As many of you know, several months ago I wrote a blog post about homelessness. In it, I shared a very personal and private view of the four years I spent as a homeless teen. (You can read that post here

Within a day of its posting, it went viral and was eventually picked up 13 different news outlets. I was floored by the outpouring of support from the people who were deeply affected by it, and whose hearts had softened towards the people and issues that surround homelessness. I received thousands of messages, emails and comments asking, “How can we help?”  It just further proves my firm belief that if given a chance to truly understand, people always rise. I. LOVE. HUMANS!

In an effort to truly be able to answer your question, “How can I help?”, I took to the streets. I’ve spent the last few months downtown where the action is, spending time and sharing space with homeless people, and the countless organizations who support them. I’ve met with civic leaders who are championing the cause. I’ve read a million studies and I’ve asked a million questions. Through that I’ve gotten the education of a life time. Homelessness is worldwide chronic problem, leaving no community untouched. Its population is diverse and the solutions are complex. Although it’s not fair to compare such immense hardship, there was one subgroup that stood in glaring contrast in vulnerability and resources. It was the youth.


So what did I learn? Well, here’s a start:

  • Every year, more than 2 million kids will face some period of homelessness.
  • Teen homelessness is skyrocketing. Salt Lake City’s homeless population more than doubled in 2017. San Diego saw a 39 percent jump in homeless youth over the past year. In Atlanta, the number of homeless youth in 2016 was estimated to be nearly triple that of previous years. After a concerted effort to count homeless young people, Seattle’s King County saw its numbers jump more than 700 percent between 2016 and 2017. The number of homeless, unaccompanied public school students increased one-fifth between 2012 and 2015.
  •  57% of homeless kids spend at least one day every month without food.
  • According to a study of youth in shelters, nearly 50% reported intense conflict or physical harm by a family member as a major contributing factor to their homelessness.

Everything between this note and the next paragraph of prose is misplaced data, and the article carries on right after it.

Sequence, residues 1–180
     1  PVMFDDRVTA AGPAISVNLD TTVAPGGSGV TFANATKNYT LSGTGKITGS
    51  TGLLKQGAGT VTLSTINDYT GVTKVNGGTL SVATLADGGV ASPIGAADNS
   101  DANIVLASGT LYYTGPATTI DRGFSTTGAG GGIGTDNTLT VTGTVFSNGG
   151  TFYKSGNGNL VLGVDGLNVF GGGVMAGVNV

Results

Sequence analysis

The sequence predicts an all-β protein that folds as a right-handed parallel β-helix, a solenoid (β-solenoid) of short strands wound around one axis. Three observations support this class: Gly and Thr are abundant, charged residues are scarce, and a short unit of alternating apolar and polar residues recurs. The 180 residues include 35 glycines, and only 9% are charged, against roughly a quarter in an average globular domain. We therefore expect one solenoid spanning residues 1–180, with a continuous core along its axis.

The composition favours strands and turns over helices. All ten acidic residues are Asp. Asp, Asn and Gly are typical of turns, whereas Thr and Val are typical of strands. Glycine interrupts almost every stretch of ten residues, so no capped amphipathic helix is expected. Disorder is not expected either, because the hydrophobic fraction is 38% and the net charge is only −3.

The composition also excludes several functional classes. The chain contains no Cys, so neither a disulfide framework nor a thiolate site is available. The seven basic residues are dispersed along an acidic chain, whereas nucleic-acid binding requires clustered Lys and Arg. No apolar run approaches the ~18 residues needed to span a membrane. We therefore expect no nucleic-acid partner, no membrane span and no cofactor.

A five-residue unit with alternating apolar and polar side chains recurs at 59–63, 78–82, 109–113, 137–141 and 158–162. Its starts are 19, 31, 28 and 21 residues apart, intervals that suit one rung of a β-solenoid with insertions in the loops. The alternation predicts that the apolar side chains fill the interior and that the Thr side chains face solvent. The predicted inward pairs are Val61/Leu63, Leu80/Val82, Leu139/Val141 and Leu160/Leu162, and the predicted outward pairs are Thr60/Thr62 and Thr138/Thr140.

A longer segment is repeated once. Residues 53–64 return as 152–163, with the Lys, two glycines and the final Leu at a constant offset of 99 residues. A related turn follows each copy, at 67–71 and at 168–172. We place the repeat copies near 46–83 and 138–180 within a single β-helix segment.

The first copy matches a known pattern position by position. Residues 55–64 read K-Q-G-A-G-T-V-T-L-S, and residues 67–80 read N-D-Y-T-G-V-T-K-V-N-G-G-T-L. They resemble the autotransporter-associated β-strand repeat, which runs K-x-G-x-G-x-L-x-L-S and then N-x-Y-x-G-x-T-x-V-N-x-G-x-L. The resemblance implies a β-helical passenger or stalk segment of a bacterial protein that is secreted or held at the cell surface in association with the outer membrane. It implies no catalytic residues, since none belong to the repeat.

• 50% of adolescents aging out of foster care and juvenile justice systems will be homeless within six months because they are unprepared to live independently and have limited education and no social support.
  • A study done by Penn State and Layola University revealed some very startling statistics. 91% of youth reported being propositioned for sex or forced labor in exchange for getting their basic needs met (food, shelter) within 24 hours of being homeless. 95% of sex trafficked youth report a history of maltreatment, with 49% being sexually abused.
  • Almost 40% of the homeless in the United States are under 18.
  • They need us.

Through this knowledge, “Closer to Home” was born.

Closer to Home” is a homeless teen initiative, whose mission is to create awareness about teen and youth homelessness. Our goal is simple. Rally communities to the cause through donation, mentorship, and service.

Out of the gates, we are setting the bar high. We are starting with an eight-week funding, mentorship and service campaign. Federal funding is limited for the teen population, so 70% of the budget has to come from private donations. It takes roughly 3.5 million dollars a year to fund teen homeless services, and that is just on the local level! Some of these organizations are losing their funding this summer, rendering these services and the youth they serve, very vulnerable.

So, for the next eight weeks I have rallied celebrities to bring their love and their talents downtown to serve the homeless teen community. Each week, they will get the privilege of serving a meal, spending time, and then holding a private event for the youth that reside there.
The service mini concert series provides a chance for stars to lead by example, beckoning communities throughout our nation follow suit.

These concert events provide the following:

  • The gift of a normal teen experience.  When food and shelter have become luxury items, concerts just aren’t something these kids get to do. During my years as a homeless teen, feeling “normal” was a precious commodity. To have people to laugh and spend time with, who aren’t looking down at you as a charity case but rather as an equal. An equal who just needs the time and space to “get there.” The goal is to give these kids a moment where they step away from their problems, and get lost in joy. It shows them that they aren’t invisible or forgotten. That we, as a community SEE THEM and are here to rally behind them. These kids are worth showing up for, and I believe that it goes a long way in healing their sense of self-worth.
  • It casts a light on an underserved population – Each week a new video will be launched showcasing the event, telling the stories of these teens and organizations that support them. We’ll talk about the holes in the system and how we as a community can help. It grants me a chance to educate the public on some very vital programs who are showing an almost 80% success rate of getting these kids working, housed and well on their way to complete self-sufficiency. Most importantly, we will be consistently rallying communities throughout the world to DONATE, MENTOR & SERVE these very deserving youth.

Together, I believe that we can bring these incredible youth Closer to Home.


***statistical references will be listed in future posts that dive deeper than this brief overview.